By Tim Carter
Can cellulose insulation in our attic cause dust in our house? The insulation was put in about 40 years ago. Our house is so dusty I can't keep up with it. If it's not the insulation, what else is the cause and what can I do to minimize it. Too much of my time is spent getting rid of the dust! --Linda B., Colorado Springs, Colo.
You're not alone in the war against dust. It affects just about everyone, except those who work in laboratories and factories where dust can seriously affect the outcome of tests or the manufacturing of certain items.
I'm sure you've seen commercials or shows on television where the workers wear special coveralls, masks and even hooded suits to eliminate contamination. One can only imagine the massive multi-stage air filtration equipment that's capturing all the dust around them.
You may have it bad where you live, but I feel there are others who suffer even more. Last spring I was on a road trip out West and got to finally visit the famous Monument Valley with the amazing rock formations. The hotel we stayed in was in the middle of the desert on a small butte.
As I was walking to dinner that night, I looked down at the floor near an emergency exit and saw an orange-brown cone of dust where the bottom of the door closed against the jamb and threshold. I then looked at the corners of the windows in the hallway and saw the same thing; actually, there were miniature dust dunes at these locations. This micro dust from the outdoors was finding tiny gaps in the weatherstripping and getting inside.
You and I and everyone else who owns a home or business fights the dust war each day. It's huge business. I'm sure you've seen dust-control sprays, mops and other tools that arm you in this battle. What a business to be in, as dust is just not going away!
It's possible that some of the dust from the cellulose is making it down from your attic through similar air leaks between your living space and the attic. There can be drafts of air that leak around holes drilled in your wall framing that were used by plumbers and electricians to get pipes and wires into your attic. These may never have been sealed.
But I suspect there are many other sources of the dust in your home. The list is endless. Let's start with the things inside your home. Your clothes (especially lint from dryers), carpets, food, paper products, cardboard boxes, upholstery of any kind, and concrete all can produce dust. Think of what happens when you use flour to bake.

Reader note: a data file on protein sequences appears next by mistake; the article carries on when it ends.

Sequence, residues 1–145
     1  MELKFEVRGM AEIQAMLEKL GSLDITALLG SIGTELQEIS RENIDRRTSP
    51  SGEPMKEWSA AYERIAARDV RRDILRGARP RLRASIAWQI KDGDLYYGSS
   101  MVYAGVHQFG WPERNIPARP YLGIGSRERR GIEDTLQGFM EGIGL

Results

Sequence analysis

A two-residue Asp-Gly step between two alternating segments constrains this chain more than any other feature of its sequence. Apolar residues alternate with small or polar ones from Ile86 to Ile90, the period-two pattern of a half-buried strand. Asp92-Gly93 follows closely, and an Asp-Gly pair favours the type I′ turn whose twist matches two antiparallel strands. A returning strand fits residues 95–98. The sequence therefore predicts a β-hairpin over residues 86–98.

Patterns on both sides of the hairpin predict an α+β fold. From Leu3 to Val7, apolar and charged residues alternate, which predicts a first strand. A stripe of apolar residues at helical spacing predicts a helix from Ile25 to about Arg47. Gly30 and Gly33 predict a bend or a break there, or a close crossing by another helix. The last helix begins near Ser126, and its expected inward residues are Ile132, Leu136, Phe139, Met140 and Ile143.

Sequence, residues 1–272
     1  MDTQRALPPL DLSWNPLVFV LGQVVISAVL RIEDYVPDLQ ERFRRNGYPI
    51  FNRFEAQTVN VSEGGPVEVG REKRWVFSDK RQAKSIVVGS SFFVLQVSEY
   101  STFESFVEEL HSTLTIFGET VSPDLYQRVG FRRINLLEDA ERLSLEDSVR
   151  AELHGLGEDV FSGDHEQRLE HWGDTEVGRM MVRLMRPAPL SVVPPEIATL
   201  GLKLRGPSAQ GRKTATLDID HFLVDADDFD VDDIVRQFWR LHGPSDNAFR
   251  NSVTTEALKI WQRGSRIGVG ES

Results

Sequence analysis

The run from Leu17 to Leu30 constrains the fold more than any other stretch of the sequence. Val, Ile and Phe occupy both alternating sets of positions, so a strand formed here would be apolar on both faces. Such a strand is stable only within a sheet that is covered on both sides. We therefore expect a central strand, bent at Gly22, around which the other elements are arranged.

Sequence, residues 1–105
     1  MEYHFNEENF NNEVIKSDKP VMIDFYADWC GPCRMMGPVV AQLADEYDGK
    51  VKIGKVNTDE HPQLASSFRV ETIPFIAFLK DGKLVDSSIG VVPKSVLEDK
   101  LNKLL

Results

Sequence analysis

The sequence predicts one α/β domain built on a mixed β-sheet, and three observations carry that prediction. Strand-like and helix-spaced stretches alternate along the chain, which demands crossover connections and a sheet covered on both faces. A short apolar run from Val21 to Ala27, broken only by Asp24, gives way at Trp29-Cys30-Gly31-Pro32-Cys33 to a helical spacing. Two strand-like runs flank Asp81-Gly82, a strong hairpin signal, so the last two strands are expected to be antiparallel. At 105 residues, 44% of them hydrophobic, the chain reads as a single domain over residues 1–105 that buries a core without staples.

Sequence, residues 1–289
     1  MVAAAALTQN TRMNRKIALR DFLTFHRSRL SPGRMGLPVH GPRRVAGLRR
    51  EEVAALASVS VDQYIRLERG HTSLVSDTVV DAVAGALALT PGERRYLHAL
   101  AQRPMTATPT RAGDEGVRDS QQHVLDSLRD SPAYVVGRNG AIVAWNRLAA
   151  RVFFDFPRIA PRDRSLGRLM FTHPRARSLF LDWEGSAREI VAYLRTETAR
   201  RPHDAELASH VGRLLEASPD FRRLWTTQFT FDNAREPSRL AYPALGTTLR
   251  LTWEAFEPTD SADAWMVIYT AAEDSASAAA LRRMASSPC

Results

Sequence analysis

If you really want to see dust in all its glory, use a flashlight in a totally dark room. It works best with some of these bright LED flashlights that produce a narrow beam. Turn one on in a dark room and look at the dust that's swirling about.
Now add to that all of the airborne dust that's outdoors trying to invade your home. There's dust from pollen, rock dust, and fibers from trees and other vegetation.
To determine what is causing the dust, use a 10X or higher-powered magnifying glass to inspect the dust. I prefer to capture the dust with a piece of clear tape that's got a mild adhesive on it. Apply the tape to a dusty surface and peel it away immediately. Using good light, look through the magnifying glass at the dust. You'll be shocked at how distinct some of the particles are. You'll be able to clearly distinguish between clothes fibers, pollen, food dust, rock or dirt dust, dander, etc.
The best way to control dust in your home is to use a central vacuum to clean. But it's mission critical that it exhausts outdoors. You want any ultrafine dust that makes it past the bag or canister to get outdoors.
If you don't have a central vacuum, then you must use a regular hand-held vacuum that has a top-quality bag that only passes the tiniest of dust particles through the bag. Just the motion of running the vacuum creates a dust storm, so it's tough to get it all with the machine.
To prove this, operate a vacuum over your carpet in the dark while a friend holds the flashlight near the machine as you use it. You'll think it's snowing inside your home, because just running the machine over the floor disturbs the dust and the air passing through the bag swirls this dust into the room. This is why I prefer to use a central vacuum as it doesn't discharge air into the room as you work.
Check all the weatherstripping on your doors and windows to ensure hardly any outside dust is getting in your home. Inspect for other air leaks. Be sure you always clean the lint filter on your clothes dryer. Realize that it's a never-ending battle.
If you have a forced-air heating or cooling system, be sure you have excellent air filters and change them regularly. Some of the newer pleated paper filters do a magnificent job of capturing dust.
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